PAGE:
LOS ANGELES — An Illinois insurance executive who secretly shot nude videos of ESPN reporter Erin Andrews was sentenced Monday to 2½ years in prison after giving a tearful apology that was harshly rebuked by his victim.
Michael David Barrett pleaded guilty in December to interstate stalking after prosecutors accused him of following the reporter to at least three cities and shooting the videos through hotel peepholes.
Barrett, 48, of suburban Chicago, agreed to a 27-month prison sentence after pleading guilty but it was up to the judge to decide how long he would actually serve.
Andrews urged the judge at the hearing for a harsher sentence and said she fears for her life every time she enters a hotel.
“You violated me and you violated all women,” Andrews told Barrett. “You are a sexual predator, a sexual deviant and they should lock you up.”
After the sentencing, she said, “Thirty months isn’t enough.”
Barrett admitted renting hotel rooms next to Andrews three times and shooting two videos of her while she was naked. He was accused of posting the videos online and trying to sell them to Los Angeles-based celebrity gossip site TMZ last year.
U.S. District Judge Manuel Real said he gave Barrett the maximum sentence under the law.
“The victim, Andrews, will be suffering with this problem for the rest of her life,” Real said. “There is no life sentence that can be imposed upon him, except his own guilt.”
Barrett cried as he addressed Andrews in court, saying he would spend the rest of his life regaining the respect of his friends and family and atoning for his mistakes.
“There are no words to tell Ms. Andrews how sorry I am for what I’ve done to her,” he said. “I hope someday she can forgive me.”
Andrews, visibly nervous as she spoke, said she had no sympathy for Barrett’s claim he was publicly humiliated.
“It’s my body on the Internet,” she said. “I’m being traumatized every single day for what he did. ... This will never be over for me.”
Barrett, who has until May 3 to surrender, was ordered to have supervised probation for three years after his release, during which he will be prohibited from contacting Andrews, her family or friends.
He will not be allowed to stay in a hotel without approval of a probation officer and if he accepts employment somewhere, Andrews will be notified. Barrett was also ordered to pay $5,000 in fines and $7,366 in restitution, but the judge said further restitution may be imposed to compensate ESPN.
Barrett’s lawyer, David Willingham, said his client is undergoing psychological treatment and “has sought the path of redemption.”
“Mr. Barrett has lost everything he built throughout his life,” Willingham said. “He’s lost his career, his fiancee and his life savings. He knows that he brought this on himself.”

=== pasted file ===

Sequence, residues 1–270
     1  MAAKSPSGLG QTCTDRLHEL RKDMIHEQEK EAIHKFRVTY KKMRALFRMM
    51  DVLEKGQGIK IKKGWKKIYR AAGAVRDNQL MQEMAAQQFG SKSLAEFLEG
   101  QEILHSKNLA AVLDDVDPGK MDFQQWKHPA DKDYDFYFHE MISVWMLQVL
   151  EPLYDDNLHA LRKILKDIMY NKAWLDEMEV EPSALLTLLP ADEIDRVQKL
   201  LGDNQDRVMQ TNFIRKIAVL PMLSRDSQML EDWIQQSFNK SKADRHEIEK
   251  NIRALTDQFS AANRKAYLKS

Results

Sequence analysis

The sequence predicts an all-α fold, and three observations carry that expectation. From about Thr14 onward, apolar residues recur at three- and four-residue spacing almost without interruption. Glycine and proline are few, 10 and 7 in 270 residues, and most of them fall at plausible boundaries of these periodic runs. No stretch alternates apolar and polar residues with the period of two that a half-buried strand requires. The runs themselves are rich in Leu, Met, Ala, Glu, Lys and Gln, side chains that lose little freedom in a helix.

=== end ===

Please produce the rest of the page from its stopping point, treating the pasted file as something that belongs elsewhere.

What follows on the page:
Federal prosecutors in Los Angeles have agreed not to pursue further charges against Barrett. However, he could face criminal action in other states stemming from other videos he allegedly shot of unsuspecting nude women through peepholes.
Andrews’ attorney, Marshall Grossman, has said there could be as many as a dozen other women that Barrett taped.
A sentencing memo filed last month in federal court says Barrett uploaded videos of 16 other women to an online account.
Barrett also allegedly conducted 30 Internet background checks that can produce birthdays and home addresses, the document said. The filing did not name the other alleged victims or say what information he obtained or how he may have used it.
Prosecutors claim that 32 videos provided by DailyMotion.com show Barrett “victimized approximately 16 other women in almost precisely the same way that he victimized” Andrews. They did not identify the women.
Andrews testified in December that Barrett’s actions had a devastating impact on her and her family because she is constantly reminded that his videos appeared online and is subjected to cruel taunts from sports fans when she works as a sideline reporter.
Andrews has agreed to appear on the new season of ABC-TV’s “Dancing with the Stars” — an offer she said ABC made before the stalking allegations. She said she doesn’t want to seclude herself from the public eye because other victims would get the wrong message.
“I did nothing wrong. Just trying to live my life,” she said.
“I had to deal with a lot of people who said I deserved it, that I had played to a certain audience.”
Her attorney said she will not file a lawsuit against Barrett.